Eugène Labiche’s 175 works, a moderate total for the period, encompass many varieties of comic theater and include operettas. The quality of these works varies. At worst, the single-act vaudeville pieces are amusing, with their exuberant humor and caricatures; at best, the more substantial comedies of character and manners contain portraits in the moralistic tradition of Jean de La Bruyère and Molière. The comic elements of Labiche’s plays are not of the witty type; they tend instead to be of the kind Henri Bergson described in his essay Le Rire (1900; Laughter, 1911). Actions more than words form their basis. The most influential theater critics of his period credited Labiche with having revolutionized the vaudeville comedy form in France by enlarging its traditional scope and format to include realistic observation. Thoroughly bourgeois in status and formation himself, Labiche wrote plays primarily for and about his own social class. It is for his double portrait of middle-class French society, astutely observed from an interior vantage point, and of human vanities in general, that he is justly acclaimed.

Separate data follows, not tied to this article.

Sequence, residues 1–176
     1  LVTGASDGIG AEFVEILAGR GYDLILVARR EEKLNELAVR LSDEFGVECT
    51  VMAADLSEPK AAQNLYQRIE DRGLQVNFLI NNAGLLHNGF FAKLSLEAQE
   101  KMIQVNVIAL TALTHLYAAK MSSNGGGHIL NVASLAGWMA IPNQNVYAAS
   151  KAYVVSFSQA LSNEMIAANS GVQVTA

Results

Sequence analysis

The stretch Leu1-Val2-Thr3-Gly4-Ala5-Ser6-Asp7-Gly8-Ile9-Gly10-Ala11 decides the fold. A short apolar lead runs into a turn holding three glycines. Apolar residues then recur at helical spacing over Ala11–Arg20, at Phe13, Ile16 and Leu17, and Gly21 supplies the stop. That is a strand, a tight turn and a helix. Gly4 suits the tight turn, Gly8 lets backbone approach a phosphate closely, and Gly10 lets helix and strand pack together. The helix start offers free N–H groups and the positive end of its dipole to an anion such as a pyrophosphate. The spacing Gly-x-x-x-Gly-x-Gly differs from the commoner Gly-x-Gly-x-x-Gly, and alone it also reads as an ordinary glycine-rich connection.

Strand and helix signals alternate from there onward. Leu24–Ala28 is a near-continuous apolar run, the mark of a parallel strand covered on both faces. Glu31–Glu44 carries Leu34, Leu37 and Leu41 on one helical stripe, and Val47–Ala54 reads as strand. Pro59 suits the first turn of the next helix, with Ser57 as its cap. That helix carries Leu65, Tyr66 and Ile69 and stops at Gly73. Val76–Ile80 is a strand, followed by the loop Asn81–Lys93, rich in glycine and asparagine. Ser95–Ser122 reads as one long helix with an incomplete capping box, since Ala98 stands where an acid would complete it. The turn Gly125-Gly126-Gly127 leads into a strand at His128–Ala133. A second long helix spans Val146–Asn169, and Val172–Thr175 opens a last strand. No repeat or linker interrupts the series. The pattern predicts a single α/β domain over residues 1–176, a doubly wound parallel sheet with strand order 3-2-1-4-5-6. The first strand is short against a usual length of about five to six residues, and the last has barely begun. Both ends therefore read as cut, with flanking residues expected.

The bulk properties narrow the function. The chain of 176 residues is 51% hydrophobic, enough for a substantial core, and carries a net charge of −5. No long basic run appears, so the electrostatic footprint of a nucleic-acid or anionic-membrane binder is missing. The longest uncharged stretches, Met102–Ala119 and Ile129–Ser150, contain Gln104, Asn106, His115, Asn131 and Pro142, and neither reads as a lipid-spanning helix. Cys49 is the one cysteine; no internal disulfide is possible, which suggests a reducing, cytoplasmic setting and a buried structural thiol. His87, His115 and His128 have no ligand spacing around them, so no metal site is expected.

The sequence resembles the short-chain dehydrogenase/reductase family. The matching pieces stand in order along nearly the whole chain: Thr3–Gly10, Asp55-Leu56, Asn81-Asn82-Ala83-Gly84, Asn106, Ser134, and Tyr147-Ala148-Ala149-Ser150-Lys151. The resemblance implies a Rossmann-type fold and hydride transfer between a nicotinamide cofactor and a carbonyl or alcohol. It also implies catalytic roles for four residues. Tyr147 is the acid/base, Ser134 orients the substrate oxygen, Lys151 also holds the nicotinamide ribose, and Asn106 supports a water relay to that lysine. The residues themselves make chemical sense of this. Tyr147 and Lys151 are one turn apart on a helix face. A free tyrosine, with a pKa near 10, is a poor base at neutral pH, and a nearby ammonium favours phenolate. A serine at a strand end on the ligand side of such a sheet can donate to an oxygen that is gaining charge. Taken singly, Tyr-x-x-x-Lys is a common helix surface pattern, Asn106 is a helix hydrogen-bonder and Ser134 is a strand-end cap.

Only six of his plays were written without collaborators. Nevertheless, all the works possess a continuity of style and tone that seems attributable to Labiche himself. Several of his collaborators asserted that their role in the creative process was to act primarily as a sounding board for ideas that Labiche had already elaborated. The best of Labiche’s plays have entered the classic repertory of French theater and are still performed regularly. Outside France, the popularity of Labiche’s comedies rests largely on what is perceived as their Gallic humor and on the playwright’s skillful handling of movement and rhythm.
Pao, Angela C. The Orient of the Boulevards: Exoticism, Empire, and Nineteenth Century French Theater. Philadelphia: University of Pennsylvania Press, 1998. A look at nineteenth century French theater that focuses on Orientalism. Bibliography and index.
Pronko, Leonard C. Eugène Labiche and Georges Feydeau. New York: Grove 1982. This study examines the lives and works of Labiche and Georges Feydeau. Bibliography and index.